The Victims’ Commissioner said in response that “what we are witnessing is the de-criminalisation of rape”. The police’s failure to properly deal with allegations of indecent exposure against PC Wayne Couzens may have led to tragic consequences for Sarah Everard – just as they did for Shana Grice, who was murdered by her ex-boyfriend, having previously been fined by police for reporting him as a stalker. The inevitable consequence of this failure is that that women are far less likely to report incidents of rape and sexual assault to the police – particularly given the possibility that they will be forced to testify in court, during which they may be cross-examined and insulted by solicitors, and will be forced to hand their phones and other technology over to police.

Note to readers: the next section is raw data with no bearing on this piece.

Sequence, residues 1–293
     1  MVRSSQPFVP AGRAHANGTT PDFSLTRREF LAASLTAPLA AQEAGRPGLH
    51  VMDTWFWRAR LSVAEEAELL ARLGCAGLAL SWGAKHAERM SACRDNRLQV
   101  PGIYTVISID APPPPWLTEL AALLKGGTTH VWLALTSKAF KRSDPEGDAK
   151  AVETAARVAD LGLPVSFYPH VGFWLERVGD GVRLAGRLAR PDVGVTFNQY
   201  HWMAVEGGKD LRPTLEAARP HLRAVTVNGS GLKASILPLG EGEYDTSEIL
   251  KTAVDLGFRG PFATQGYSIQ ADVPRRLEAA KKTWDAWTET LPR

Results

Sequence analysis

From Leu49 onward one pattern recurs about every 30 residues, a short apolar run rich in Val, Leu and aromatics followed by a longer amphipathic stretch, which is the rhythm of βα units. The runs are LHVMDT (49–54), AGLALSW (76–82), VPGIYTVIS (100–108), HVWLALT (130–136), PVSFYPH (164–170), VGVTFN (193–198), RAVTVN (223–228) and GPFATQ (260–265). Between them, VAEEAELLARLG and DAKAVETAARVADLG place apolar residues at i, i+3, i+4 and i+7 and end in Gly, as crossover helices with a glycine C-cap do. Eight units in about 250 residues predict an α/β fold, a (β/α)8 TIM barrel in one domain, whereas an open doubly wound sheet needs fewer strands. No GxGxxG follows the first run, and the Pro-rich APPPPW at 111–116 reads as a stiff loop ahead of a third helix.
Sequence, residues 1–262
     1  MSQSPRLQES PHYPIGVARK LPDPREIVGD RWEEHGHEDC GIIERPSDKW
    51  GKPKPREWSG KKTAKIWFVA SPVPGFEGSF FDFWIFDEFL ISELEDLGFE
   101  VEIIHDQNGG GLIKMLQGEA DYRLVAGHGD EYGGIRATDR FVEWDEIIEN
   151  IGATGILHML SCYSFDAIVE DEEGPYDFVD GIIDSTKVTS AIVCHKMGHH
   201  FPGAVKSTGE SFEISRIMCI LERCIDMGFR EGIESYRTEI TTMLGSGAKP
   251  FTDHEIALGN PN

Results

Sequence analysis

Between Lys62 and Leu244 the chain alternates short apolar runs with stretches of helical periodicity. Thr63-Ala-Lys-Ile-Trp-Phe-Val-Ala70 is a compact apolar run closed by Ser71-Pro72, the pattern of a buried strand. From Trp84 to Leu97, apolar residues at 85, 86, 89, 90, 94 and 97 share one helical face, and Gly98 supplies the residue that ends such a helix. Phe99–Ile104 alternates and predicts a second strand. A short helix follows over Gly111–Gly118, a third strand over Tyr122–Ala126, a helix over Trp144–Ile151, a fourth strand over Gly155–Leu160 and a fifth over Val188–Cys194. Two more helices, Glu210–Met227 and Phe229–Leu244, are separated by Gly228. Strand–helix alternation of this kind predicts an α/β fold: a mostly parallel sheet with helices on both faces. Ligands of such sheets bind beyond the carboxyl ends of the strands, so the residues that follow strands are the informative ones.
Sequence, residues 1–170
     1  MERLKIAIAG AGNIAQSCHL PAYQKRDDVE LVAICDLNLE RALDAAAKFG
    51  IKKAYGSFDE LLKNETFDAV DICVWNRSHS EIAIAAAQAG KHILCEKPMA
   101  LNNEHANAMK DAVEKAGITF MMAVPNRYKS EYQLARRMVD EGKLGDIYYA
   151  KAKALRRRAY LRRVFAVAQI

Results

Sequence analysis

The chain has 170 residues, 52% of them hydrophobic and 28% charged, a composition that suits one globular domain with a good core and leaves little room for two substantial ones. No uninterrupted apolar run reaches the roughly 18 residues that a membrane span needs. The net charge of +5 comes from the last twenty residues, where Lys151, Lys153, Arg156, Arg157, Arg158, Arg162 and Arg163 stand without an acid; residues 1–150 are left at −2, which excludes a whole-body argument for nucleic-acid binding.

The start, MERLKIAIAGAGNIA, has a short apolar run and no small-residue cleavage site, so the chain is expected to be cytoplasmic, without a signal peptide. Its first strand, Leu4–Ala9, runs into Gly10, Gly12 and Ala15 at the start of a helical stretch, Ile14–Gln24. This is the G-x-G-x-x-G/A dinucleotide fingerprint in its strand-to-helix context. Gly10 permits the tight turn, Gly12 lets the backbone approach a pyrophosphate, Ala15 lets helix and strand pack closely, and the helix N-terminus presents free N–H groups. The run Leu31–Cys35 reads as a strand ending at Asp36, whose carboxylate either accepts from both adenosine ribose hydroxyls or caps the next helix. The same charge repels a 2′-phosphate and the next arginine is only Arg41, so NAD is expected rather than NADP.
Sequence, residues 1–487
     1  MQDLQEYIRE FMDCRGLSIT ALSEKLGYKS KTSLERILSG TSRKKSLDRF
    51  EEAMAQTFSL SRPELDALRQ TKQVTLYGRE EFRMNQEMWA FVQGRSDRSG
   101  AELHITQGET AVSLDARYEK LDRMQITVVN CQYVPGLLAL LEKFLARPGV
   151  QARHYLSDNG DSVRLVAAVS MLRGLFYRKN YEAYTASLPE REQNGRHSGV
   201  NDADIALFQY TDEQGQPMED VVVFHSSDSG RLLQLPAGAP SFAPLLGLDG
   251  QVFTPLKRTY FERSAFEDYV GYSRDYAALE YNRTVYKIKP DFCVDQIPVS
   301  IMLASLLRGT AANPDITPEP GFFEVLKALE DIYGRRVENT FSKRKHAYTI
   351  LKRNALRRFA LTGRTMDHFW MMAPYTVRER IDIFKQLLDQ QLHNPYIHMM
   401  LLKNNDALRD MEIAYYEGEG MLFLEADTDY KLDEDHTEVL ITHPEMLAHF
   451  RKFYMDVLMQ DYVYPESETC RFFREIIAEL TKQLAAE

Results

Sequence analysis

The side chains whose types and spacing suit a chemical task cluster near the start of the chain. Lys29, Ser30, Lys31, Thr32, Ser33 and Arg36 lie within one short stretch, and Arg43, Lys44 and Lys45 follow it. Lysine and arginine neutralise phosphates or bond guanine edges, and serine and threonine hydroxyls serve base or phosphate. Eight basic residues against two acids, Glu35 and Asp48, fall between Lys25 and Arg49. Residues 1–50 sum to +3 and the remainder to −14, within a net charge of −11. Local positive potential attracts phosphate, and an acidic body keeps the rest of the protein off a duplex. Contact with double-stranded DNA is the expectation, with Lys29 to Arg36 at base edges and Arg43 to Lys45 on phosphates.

There is also a shocking double standard in the prosecution of women who kill their partners compared to men, with some being convicted of the lesser charge of manslaughter rather than murder on the grounds that their partners “nagged” them. Helen Gavin describes this difference in perception between “jealous men but evil women”. Joseph McGrail walked free from court after kicking his partner to death, the judge saying of his victim “this lady would have tried the patience of a saint”. Les Humes stabbed his wife to death in front of their children, and was convicted of manslaughter on the grounds that he “lost control” because she was leaving him. David Hampson beat his wife to death with a hammer, buried her body in the garden and coerced their daughter into lying about her murdered mother’s whereabouts for two years: he was sentenced to six years for manslaughter. Just a few weeks ago, Anthony Williams was convicted of manslaughter after he admitted to “choking the living daylights” out of his wife, Ruth – his excuse was that he “snapped” after just five days of lockdown. Contrast this with the treatment of women like Ellie Wain and Emma-Jayne Magson, both of whom have recently been convicted of murder after stabbing their abusive partners. Ellie was described as a “willing participant” in violence by the judge in her trial, rather than as a victim of male violence.